Green thoughts inspired by Stockholm and Rio
How far has the world come in creating awareness of the environment?
By Tommy Koh
For the Straits Times
In 1972, the United Nations convened the historic Conference on the Human Environment in Stockholm, Sweden. Twenty years later, the UN Conference on Environment and Development, also known as the Earth Summit, was held in Rio de Janeiro, Brazil.
Next week, from June 20 to June 22, the UN will hold its third conference on the environment, the UN Conference on Sustainable Development, also known as Rio+20, again in Rio de Janeiro.
In March 1990, the UN elected me to chair the preparatory committee for the Earth Summit. At the Summit, the conference elected me to chair the main committee, its principal negotiating forum.
The following were the summit’s achievements:
- Rio Declaration on Environment and Development;
- Agenda 21, containing an ambitious 470-pages-long programmes of action for sustainable development in the 21st century;
- Non-legally-binding authoritative statement of Principles on Forests;
- Agreement to negotiate a new treaty to combat desertification;
- The opening for signature of the UN Framework Convention on Climate Change, which had been negotiated on a separate track;
- The opening for signature of the UN Convention on Biological Diversity, which had also been negotiated on a separate track.
Twenty years have passed since the Earth Summit. Has the world made progress or regressed during this period? On the positive side, we can point to the fact that all 193 member states of the UN have either a ministry for the environment or an environmental protection agency.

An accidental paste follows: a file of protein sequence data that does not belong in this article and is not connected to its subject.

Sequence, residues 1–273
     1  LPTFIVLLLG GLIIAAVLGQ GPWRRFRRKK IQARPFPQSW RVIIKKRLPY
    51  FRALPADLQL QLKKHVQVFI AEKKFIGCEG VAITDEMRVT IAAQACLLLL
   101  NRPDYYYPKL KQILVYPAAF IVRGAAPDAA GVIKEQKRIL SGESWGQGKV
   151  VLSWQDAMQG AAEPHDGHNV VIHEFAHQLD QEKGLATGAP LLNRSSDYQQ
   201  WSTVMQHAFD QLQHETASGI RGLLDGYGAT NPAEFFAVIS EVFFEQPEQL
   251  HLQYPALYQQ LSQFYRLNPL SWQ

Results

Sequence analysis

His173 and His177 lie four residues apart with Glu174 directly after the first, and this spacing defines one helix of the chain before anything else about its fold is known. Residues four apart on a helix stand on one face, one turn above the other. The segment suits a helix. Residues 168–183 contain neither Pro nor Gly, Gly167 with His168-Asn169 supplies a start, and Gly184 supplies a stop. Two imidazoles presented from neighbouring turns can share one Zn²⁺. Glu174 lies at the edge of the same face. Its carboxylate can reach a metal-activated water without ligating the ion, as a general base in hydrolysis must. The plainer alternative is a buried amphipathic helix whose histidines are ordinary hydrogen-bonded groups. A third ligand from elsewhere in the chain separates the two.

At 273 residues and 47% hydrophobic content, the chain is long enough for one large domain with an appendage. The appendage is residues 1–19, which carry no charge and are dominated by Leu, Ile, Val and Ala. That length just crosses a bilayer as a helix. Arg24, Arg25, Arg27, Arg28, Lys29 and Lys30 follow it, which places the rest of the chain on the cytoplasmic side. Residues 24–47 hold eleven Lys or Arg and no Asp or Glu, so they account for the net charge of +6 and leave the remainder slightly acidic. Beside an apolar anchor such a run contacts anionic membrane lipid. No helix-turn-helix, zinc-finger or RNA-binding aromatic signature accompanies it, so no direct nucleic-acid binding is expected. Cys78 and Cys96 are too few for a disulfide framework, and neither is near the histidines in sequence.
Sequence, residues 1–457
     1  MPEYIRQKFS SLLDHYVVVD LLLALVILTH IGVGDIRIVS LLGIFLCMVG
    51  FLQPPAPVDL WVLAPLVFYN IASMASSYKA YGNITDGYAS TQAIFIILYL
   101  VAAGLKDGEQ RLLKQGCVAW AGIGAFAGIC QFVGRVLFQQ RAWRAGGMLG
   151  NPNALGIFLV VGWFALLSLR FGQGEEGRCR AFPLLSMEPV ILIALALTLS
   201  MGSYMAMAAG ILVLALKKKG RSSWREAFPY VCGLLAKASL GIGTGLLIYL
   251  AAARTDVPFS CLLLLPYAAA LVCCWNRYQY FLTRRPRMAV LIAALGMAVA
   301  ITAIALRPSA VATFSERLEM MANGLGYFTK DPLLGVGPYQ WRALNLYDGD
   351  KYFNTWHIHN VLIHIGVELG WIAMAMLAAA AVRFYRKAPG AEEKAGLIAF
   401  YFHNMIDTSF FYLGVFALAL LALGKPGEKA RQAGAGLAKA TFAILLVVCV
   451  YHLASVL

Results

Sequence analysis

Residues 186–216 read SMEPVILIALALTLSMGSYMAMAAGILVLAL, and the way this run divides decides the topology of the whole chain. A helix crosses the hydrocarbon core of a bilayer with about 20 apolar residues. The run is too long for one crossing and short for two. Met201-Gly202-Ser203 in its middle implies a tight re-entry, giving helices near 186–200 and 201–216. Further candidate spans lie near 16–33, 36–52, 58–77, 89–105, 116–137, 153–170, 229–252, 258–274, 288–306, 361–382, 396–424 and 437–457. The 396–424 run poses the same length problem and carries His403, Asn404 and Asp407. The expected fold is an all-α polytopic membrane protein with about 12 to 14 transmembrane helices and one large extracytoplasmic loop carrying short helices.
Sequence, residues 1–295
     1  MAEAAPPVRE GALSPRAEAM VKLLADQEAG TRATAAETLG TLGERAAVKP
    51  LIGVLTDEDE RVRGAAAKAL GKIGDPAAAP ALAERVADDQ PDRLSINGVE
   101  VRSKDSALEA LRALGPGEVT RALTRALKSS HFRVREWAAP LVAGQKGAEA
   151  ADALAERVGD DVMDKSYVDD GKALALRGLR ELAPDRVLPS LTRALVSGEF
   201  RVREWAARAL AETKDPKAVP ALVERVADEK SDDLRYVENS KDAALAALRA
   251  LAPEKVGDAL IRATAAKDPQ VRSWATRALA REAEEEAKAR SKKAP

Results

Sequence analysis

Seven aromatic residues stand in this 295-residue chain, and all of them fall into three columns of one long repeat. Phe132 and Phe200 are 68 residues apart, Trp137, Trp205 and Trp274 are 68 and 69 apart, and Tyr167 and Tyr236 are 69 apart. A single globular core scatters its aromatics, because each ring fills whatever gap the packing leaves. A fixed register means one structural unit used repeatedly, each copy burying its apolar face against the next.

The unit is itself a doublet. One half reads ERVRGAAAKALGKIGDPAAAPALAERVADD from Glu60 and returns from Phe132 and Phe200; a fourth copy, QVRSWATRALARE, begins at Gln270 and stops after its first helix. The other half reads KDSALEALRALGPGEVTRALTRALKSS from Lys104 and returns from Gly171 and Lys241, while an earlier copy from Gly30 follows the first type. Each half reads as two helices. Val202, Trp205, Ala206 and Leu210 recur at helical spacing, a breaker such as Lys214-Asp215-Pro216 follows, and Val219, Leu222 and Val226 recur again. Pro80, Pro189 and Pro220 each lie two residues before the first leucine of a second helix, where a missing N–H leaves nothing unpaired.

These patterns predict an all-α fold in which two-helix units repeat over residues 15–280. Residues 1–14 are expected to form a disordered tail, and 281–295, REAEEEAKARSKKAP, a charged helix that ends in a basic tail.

The environment movement has grown stronger. It has influenced, in positive ways, the behaviour of individuals, business and governments.
However, the positives are out-weighed by the negatives. The following are the principal problem areas:
- The emission of greenhouse gases has continued to increase and we are no longer sure whether the goal to cap the rise of global temperature to 2 deg C is doable.
- The Kyoto Protocol will expire at the end of this year and it is uncertain whether the developed countries would be willing to agree to a second commitment period (Australia and Japan have said that they would not, Canada has withdrawn from the Protocol and the US is not a party to it).
- It is also not clear whether the agreement in Durban to negotiate a post-2020 agreement, applicable to all countries, will succeed.
- The world’s rainforests, including those in Indonesia and East Malaysia, are rapidly disappearing, due to illegal logging and unsustainable forestry management.
- The world is losing its biological diversity at a rate which is 1,000 times faster than the natural rate of extinction.